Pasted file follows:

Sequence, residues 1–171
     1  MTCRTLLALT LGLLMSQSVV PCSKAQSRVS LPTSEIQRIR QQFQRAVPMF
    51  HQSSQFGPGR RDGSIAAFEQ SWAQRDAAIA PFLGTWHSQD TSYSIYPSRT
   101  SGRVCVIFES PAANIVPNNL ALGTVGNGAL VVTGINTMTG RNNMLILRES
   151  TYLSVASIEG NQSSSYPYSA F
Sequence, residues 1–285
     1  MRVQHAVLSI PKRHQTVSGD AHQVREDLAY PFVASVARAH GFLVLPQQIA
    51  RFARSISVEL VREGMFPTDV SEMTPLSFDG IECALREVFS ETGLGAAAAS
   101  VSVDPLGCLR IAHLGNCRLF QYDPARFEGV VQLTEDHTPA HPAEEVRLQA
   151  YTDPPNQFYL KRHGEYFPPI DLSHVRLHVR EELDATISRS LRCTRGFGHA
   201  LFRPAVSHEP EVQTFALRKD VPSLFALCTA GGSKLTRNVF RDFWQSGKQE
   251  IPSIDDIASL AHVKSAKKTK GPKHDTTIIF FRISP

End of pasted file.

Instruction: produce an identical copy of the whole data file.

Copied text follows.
Sequence, residues 1–171
     1  MTCRTLLALT LGLLMSQSVV PCSKAQSRVS LPTSEIQRIR QQFQRAVPMF
    51  HQSSQFGPGR RDGSIAAFEQ SWAQRDAAIA PFLGTWHSQD TSYSIYPSRT
   101  SGRVCVIFES PAANIVPNNL ALGTVGNGAL VVTGINTMTG RNNMLILRES
   151  TYLSVASIEG NQSSSYPYSA F
Sequence, residues 1–285
     1  MRVQHAVLSI PKRHQTVSGD AHQVREDLAY PFVASVARAH GFLVLPQQIA
    51  RFARSISVEL VREGMFPTDV SEMTPLSFDG IECALREVFS ETGLGAAAAS
   101  VSVDPLGCLR IAHLGNCRLF QYDPARFEGV VQLTEDHTPA HPAEEVRLQA
   151  YTDPPNQFYL KRHGEYFPPI DLSHVRLHVR EELDATISRS LRCTRGFGHA
   201  LFRPAVSHEP EVQTFALRKD VPSLFALCTA GGSKLTRNVF RDFWQSGKQE
   251  IPSIDDIASL AHVKSAKKTK GPKHDTTIIF FRISP